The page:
This meta-analysis had broad inclusion criteria allowing for a wide variety of subgroup analyses other than tumor size and type. The results of the frequency subgroup analysis showed that the benefit of MWA over RFA was most apparent for the 2450 MHz versus the 915 MHz frequency. These results may be explained by the ability of 2450 MHz MWA systems to deliver greater amounts of power and achieve larger ablation volumes.11 A recent observational study comparing 915 and 2450 MHz MWA for ablation of lung metastases found that ablation margin size was significantly associated with the local progression rate and that 2450 MHz MWA demonstrated a significantly better local progression-free survival curve than 915 MHz MWA (P=0.048).59 Liu and colleagues did not report any differences in treatment effect when comparing these two MWA frequencies.60 The results of the tumor type subgroup analysis on HCC and metastases showed that there were no differences between MWA and RFA in HCC or metastases for technique efficacy and complications.
There are a few limitations of this meta-analysis. First, most of the included studies are observational (primarily retrospective cohort studies) and present a potential for selection bias. RFA was often used for a longer time at institutions than MWA and had a longer follow-up duration than MWA. Despite this, most studies were well balanced for baseline covariates, and some of the studies used matching to control for differences or reported regression analyses that showed the minimal impact of potential effect modifiers on treatment outcome. To control for the effect of poor study quality, studies receiving lower quality assessment scores were excluded in a sensitivity analysis. The results of these sensitivity analyses remained aligned with the main analyses. Second, there was often variability between and within studies for follow-up time; this was handled in two ways: 1) a meta-regression was performed to determine whether follow-up time had a significant effect on LTP (results showed there was no effect) and 2) studies with ≥25% difference in mean follow-up time between arms were excluded from analyses of outcomes potentially impacted by follow-up time. Third, significant heterogeneity was observed for certain outcomes, such as five-year DFS and LOS, which may have been due to variability in patient baseline characteristics, treatment parameters, and study designs across studies. As such, random-effects model, which accounts for heterogeneity, was used; sensitivity analyses were performed with a fixed-effects model. Fourth, due to the broad inclusion of this meta-analysis, there was some variability in the definitions of outcomes, particularly technique efficacy and LTP. Reporting guidelines recommend that technique efficacy (often called complete tumor ablation or complete response) should be assessed by imaging ideally one week to one month after the procedure and no later than three months afterwards.10 Thus, studies were included regardless of the terminology used to describe the outcome, as long as it was reported from one week to three months after treatment. It is unclear whether all the studies assessed treatment efficacy (ie, effective ablation of tumors) or if some assessed technical success (ie, tumors treated according to protocol),10 since these terms are sometimes used interchangeably. As well, the terminology used to define local tumor recurrence or LTP were sometimes variable. Here, we used the following definition for LTP: reappearance of tumors, within or adjacent to the ablation zone, based on that of Ahmed et al.10 This definition often allowed the inclusion of studies which labeled the outcome as LTP and studies which labeled it as local tumor recurrence (LTR). However, it is unclear whether minor variations in definition could have impacted overall results. Finally, 16 studies reported that patients underwent retreatment after initial ablation; however, it is difficult to assess how retreatment could have impacted outcomes due to lack of data availability (ie, outcomes were not reported separately for patients that did or did not receive retreatment or by type of retreatment).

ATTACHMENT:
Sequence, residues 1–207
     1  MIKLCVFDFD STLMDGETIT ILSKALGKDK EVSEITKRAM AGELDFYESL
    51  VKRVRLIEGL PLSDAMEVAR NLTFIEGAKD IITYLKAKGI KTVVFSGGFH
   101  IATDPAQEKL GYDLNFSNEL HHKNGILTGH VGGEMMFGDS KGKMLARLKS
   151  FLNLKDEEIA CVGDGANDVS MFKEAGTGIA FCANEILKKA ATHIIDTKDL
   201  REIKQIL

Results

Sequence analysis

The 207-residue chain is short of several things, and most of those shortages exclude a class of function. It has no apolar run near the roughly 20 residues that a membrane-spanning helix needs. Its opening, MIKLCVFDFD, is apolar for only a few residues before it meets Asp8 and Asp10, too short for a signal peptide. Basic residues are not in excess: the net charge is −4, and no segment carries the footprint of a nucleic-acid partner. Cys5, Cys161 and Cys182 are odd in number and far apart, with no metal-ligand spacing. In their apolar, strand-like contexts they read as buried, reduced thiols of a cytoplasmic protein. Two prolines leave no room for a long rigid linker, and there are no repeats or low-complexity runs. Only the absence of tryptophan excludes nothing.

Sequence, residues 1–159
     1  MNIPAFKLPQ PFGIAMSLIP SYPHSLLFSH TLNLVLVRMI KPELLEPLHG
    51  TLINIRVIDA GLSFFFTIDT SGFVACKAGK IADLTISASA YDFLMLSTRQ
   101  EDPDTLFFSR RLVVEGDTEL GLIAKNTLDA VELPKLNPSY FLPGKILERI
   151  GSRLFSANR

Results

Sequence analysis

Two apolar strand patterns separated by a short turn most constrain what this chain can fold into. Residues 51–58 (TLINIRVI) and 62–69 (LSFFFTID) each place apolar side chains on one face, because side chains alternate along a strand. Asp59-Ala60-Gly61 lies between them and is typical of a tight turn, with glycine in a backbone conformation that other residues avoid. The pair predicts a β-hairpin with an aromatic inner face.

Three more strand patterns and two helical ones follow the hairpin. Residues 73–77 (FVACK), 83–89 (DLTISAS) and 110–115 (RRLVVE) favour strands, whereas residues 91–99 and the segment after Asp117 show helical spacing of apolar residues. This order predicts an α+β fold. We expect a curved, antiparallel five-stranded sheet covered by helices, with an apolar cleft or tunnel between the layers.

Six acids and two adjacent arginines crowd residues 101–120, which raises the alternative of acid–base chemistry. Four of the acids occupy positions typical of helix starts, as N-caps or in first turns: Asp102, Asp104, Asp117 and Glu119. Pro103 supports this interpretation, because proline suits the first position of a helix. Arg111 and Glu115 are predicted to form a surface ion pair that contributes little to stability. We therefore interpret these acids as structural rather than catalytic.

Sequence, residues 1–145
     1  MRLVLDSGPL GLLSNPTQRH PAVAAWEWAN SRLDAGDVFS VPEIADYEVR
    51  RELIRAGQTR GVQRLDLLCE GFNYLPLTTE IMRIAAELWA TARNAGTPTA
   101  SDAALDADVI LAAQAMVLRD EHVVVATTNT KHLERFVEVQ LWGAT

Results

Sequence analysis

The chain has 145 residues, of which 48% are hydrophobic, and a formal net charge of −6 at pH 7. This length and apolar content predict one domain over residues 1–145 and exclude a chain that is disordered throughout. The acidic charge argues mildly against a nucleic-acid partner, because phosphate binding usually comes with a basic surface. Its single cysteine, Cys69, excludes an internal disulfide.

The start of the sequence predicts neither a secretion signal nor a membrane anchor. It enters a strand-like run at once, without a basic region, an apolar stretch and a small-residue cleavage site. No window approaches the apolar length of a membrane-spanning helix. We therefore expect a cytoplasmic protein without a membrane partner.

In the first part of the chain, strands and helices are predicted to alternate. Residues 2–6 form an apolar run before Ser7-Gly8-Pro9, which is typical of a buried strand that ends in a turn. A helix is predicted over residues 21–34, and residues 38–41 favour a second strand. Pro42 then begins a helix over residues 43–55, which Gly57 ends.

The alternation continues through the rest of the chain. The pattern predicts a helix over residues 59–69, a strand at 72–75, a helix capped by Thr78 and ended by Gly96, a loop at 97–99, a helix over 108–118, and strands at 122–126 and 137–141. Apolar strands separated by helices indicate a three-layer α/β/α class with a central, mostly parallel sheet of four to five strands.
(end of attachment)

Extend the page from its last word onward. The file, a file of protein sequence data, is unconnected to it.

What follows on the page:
Despite these limitations, this meta-analysis is strengthened by its broad inclusion of 28 studies in liver cancer which enrolled over 3500 patients. The time period for study inclusion was limited from 2006 to 2017 to control for the use of outdated ablation devices. A broad range of outcomes such as IDL and EHM were included, which have not been meta-analyzed previously. This meta-analysis also used several methods to control for heterogeneity and study quality including use of a random-effects model, subgroup and sensitivity analyses, study quality assessment, assessment of publication bias, and meta-regression analysis.